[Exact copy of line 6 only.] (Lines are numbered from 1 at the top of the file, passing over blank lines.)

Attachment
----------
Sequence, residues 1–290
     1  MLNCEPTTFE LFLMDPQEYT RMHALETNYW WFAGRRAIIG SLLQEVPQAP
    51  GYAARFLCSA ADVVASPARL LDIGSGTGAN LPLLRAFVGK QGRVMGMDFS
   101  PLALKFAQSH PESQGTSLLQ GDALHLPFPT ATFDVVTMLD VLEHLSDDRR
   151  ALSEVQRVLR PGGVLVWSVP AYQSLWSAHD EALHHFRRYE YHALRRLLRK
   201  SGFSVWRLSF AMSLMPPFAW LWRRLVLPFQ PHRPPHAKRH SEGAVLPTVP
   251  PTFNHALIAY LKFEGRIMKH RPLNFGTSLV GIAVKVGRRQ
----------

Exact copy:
   201  SGFSVWRLSF AMSLMPPFAW LWRRLVLPFQ PHRPPHAKRH SEGAVLPTVP